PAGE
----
Language Selection

English French German Italian Portuguese Spanish

Quick Guide to Securing a Lamp Server

Filed under
Howtos

In the last few years on the Internet the price of dedicated servers have went down and more people are beginning to use them for their sites, game servers, or small hosting companies. With this comes as I was talking about in my last article inexperienced admins. Lots of people I spoke too are too intimated by the linux shell and try to administer their server completely from the control panel.
This short guide will show you a few copy and paste walkthroughs you can use to help secure your server, these should work with any control panel, the mod security update script however is only for apache2. Using these tools and using basic security procedures will help you keep your server secure and free of hackers, spammers, and other annoyances.

Using linux as a personal desktop helps a lot as well as it gets you used to using the command line. The other extremely valuable tool is google. I would probably be nowhere without google. You can look stuff up as you go and find about any answer to any question you may have, Plus there is lots of walkthroughs just like this one I am just putting all the basic ones together.

OK this is not a complete guide but those who are less experienced should be able to follow these walkthroughs and make their server more secure then it was before.
First thing, install apf, bfd, and dos deflate. Complete walkthrough HERE
Note: Dos deflate will not work with debian unless you disable ipv6.

Next install modsecurity using the simple guide from eth0.us, guide can be found HERE

After you install mod security make a directory in /etc called modsecurity. Use my update script found HERE (apache2 only)
This will get all the latest rules from gotroot.com when you have them at the bottom of the mod security configuration in httpd.conf put
Include /etc/modsecurity/apache2/rulename.conf
I suggest using them all besides rules.conf as it gives lots of false positives.

Now if you have shell users or are running redhat, fedora, or debian you most likely need to update your kernel. Now this isn't as hard as you would think, with this copy and paste guide I made that is all you have to do is copy and paste, same as these other tutorials.
The guide can be found HERE. I will be making one for debian soon but you just use any basic debian kernel how to and patch the kernel the same way as you do in this one.

Once you have modsecurity installed keep an eye on the audit log to make sure it is not giving any false positives or blocking legitimate web apps. With the ruleset and rules you have included it should not unless someone is using some oddball web app.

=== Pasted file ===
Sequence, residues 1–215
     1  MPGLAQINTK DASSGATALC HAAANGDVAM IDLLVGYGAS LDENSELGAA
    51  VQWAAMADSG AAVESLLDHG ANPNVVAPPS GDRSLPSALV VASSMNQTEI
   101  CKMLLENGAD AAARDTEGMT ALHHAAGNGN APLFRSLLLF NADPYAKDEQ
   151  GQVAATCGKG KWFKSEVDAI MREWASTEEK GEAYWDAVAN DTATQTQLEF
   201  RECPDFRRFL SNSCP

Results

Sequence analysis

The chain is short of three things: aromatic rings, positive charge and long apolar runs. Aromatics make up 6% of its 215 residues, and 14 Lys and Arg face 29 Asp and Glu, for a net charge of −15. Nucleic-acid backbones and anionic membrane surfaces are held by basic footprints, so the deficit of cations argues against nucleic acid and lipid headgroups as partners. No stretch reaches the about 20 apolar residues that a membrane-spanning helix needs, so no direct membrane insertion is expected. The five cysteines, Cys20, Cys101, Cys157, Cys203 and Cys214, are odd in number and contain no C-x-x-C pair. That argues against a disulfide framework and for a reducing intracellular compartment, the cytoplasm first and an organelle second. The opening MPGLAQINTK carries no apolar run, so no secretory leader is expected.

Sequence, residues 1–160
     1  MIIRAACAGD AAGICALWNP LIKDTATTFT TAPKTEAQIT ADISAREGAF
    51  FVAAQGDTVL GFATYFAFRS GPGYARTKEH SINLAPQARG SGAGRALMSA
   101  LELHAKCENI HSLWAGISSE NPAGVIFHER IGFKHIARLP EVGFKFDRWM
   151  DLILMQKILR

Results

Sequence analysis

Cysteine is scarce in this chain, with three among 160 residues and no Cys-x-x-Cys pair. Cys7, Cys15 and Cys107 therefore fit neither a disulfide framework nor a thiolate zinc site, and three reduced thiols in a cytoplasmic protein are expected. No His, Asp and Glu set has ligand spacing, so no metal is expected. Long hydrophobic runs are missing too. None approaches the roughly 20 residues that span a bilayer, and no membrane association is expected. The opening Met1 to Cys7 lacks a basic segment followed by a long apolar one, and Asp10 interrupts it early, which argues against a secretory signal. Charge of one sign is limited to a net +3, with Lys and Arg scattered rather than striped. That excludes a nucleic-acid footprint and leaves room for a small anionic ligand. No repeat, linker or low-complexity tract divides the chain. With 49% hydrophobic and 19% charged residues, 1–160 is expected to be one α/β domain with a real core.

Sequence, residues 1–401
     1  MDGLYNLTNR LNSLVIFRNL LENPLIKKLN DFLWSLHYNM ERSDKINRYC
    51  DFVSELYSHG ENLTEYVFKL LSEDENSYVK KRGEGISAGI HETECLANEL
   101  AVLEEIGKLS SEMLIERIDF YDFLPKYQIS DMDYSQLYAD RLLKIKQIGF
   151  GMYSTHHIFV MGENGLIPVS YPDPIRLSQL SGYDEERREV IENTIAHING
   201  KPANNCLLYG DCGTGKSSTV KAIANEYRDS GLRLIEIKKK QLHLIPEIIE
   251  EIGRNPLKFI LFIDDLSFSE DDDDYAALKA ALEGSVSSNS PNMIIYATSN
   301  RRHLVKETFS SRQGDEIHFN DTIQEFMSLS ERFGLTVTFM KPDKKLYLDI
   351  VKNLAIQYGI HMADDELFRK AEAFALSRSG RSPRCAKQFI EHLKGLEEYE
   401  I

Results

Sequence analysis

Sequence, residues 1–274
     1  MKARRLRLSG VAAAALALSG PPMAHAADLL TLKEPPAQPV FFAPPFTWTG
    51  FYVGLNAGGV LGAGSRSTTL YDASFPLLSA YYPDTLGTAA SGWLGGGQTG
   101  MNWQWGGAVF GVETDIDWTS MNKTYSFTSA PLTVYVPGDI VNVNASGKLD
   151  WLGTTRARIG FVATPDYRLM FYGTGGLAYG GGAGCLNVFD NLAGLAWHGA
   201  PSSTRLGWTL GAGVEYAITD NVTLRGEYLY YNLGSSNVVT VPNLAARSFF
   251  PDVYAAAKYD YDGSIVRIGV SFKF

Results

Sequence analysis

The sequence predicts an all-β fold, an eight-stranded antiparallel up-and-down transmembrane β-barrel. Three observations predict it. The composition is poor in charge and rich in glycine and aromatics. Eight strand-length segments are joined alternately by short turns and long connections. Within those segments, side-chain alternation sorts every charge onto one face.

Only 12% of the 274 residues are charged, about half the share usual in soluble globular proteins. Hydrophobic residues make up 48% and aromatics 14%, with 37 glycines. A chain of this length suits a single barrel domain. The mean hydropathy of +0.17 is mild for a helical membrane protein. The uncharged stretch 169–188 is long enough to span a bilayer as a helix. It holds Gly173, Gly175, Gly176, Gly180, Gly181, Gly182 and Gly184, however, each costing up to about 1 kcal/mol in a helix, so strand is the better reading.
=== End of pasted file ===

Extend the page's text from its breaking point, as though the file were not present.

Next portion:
None of these will make your server totally secure, it takes basic security practices such as using strong passwords, not using the same password for everything, and keeping up with all the latest exploitrs and hacking methods.

If you ever get hacked don't go ranting about how you are gonna prosecute so and so, go find out how they done it, how they got in, and what you can do to prevent it again. You will most likely never track down the hackers and the FBI most likely will not care so secure your system and make sure it does not happen again. As I have explained before defacers can actually be helpful to admins. That's about it, good luck and stay on your toes.

More in Tux Machines

Getting OpenStack Ready for the Enterprise

OpenStack is gaining popularity as the cloud platform of choice for IT organizations. This was reflected in a 2013 IDG survey that found as much as 64 percent of IT managers including OpenStack in their technology roadmap. In the current fast-paced IT market, the massive scalability and flexible, modular architecture of OpenStack can help give organizations the agility they need. Read more

Open source projects that warrant data center managers' attention

When you're making the case to a data center manager about tech that is worthy of her consideration, make sure these three open source options are on your list. Read more

Open source and Made in Italy: Arduino are circuit boards with a sense of style

One of the more surprising applications has been the natural marriage between the Arduino board and Lego. Once seen only as a child's building block toy, Lego is finding startling utility as an instant mechanical prototype maker for Arduino ideas. Read more

11 Useful Utilities To Supercharge Your Ubuntu Experience

Whether you’re a relative novice or a seasoned pro, we all want to get the most from our operating system. Ubuntu, like most modern OSes, has more to offer than what is presented at first blush. From tweaking and refining the look, behaviour and performance of the Unity desktop to performing system maintenance, there are a huge array of useful utilities and apps that can help tune Ubuntu to meet your needs in no time. Read more